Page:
And Lou Gehrig too.
On April 2, 1931 the seventeen year-old Jackie Mitchell struck out Babe Ruth and Lou Gehrig back-to-back. They were arguably the deadliest hitting duo in baseball history, and she did it in only seven pitches. Which is pretty damn impressive. Less impressive is what happened afterwards.
"They are too delicate. It would kill them to play ball every day."
Ruth wasn't the most gracious in defeat (via), and some historians have dismissed the exhibition game as an April Fool's Prank. It's unlikely that Ruth would have been visibly upset if he struck out on purpose, nor would he have asked the umpire to inspect the ball. And a few days later, Mitchell's contract was voided on the basis that baseball was "too strenuous" for women. Yeah, beating some of the most famous players of all time sounds really strenuous. What if she broke a nail?! /sarcasm
She kept playing anyway.
So clearly the game wasn't TOO strenuous (she died in 1987 at the age of 74). She joined the amateur team House of David in 1933, and retired in 1937. Meanwhile, women weren't formally banned from the MLB until 1952, though unofficially they were often kept off the field. Such was the case for Eleanor Engle, who never took the field. The President of the minor leagues stated that no contract with a woman would be approved because “not in the best interest of baseball that such travesties be tolerated.” In the 1970s girls were allowed to join Little League, in the 80s women joined college baseball, and in the 1990s, Ila Borders joined the St. Paul Saints of the independent Northern League. But no female player has reached the majors (yet).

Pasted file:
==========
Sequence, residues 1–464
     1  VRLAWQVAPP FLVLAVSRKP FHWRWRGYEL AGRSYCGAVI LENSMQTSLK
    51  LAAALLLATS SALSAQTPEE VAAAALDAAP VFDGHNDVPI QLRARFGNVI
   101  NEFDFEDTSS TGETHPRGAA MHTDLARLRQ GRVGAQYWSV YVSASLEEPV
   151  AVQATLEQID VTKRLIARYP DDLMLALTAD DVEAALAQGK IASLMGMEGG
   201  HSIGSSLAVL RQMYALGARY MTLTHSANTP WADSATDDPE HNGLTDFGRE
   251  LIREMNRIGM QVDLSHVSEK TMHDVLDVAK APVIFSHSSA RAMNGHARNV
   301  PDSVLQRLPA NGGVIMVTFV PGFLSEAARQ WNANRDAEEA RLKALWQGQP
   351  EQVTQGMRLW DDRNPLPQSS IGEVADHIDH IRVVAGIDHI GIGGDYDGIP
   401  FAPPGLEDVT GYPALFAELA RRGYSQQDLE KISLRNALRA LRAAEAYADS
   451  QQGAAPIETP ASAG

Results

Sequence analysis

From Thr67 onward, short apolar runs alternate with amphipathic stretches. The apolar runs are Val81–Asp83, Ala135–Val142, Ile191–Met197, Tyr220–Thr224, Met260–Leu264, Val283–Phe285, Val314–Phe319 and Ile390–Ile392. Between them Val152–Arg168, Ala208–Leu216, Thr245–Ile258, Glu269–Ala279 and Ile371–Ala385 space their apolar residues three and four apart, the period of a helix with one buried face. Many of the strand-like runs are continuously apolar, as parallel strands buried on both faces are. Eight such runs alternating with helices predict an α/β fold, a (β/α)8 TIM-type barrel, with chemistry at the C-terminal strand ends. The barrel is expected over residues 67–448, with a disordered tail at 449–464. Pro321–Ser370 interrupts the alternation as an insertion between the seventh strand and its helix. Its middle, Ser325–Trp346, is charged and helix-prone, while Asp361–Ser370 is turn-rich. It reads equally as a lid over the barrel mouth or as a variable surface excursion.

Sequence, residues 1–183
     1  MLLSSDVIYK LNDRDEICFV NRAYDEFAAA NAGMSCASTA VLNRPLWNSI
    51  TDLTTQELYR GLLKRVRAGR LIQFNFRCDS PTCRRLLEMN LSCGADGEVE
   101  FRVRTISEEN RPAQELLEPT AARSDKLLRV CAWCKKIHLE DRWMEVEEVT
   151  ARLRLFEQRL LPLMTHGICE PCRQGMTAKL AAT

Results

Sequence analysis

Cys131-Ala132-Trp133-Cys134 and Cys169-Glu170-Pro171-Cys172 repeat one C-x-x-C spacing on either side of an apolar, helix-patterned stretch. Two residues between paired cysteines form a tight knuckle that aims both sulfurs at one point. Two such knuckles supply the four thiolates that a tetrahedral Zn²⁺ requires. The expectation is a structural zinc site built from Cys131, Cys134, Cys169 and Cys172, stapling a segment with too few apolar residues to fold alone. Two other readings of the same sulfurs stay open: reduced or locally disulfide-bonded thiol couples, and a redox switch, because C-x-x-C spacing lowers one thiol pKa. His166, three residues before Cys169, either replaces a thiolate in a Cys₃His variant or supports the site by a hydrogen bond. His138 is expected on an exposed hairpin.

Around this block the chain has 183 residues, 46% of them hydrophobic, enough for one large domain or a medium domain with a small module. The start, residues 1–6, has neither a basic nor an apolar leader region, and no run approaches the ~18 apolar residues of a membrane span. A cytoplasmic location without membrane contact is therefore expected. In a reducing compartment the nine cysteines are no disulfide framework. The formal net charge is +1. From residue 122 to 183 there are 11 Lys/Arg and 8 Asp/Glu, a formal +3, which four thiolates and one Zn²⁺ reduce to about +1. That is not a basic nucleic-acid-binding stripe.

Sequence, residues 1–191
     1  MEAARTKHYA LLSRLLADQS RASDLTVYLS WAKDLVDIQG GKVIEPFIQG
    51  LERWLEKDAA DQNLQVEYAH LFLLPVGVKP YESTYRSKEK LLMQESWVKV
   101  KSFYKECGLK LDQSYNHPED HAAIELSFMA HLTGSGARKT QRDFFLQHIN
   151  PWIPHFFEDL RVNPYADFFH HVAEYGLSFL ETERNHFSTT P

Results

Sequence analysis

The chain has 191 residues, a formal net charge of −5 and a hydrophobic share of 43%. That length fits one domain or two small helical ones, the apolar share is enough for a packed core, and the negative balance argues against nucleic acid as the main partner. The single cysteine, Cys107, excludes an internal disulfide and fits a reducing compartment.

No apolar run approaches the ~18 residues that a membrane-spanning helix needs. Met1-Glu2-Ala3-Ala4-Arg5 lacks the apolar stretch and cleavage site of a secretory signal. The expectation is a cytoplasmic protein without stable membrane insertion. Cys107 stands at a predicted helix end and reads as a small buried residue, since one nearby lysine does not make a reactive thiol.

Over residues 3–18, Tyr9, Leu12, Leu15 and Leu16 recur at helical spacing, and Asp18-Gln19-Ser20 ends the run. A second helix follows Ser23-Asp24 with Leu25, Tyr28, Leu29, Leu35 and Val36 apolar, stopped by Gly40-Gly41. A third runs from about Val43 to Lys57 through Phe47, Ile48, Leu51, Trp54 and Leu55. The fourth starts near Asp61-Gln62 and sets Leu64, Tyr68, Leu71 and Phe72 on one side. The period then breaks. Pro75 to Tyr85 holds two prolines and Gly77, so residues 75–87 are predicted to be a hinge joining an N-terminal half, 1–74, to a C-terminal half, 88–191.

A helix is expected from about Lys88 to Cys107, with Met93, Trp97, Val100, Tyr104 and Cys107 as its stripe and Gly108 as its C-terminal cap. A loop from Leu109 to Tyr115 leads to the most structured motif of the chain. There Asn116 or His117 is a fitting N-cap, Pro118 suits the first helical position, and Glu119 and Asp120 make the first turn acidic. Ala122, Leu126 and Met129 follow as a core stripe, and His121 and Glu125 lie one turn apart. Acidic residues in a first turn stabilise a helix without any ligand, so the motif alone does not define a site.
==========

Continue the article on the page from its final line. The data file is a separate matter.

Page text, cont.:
But the 100-year anniversary of the time a teenage girl struck out some of the toughest hitters in baseball history. Maybe it'll happen again in 2031?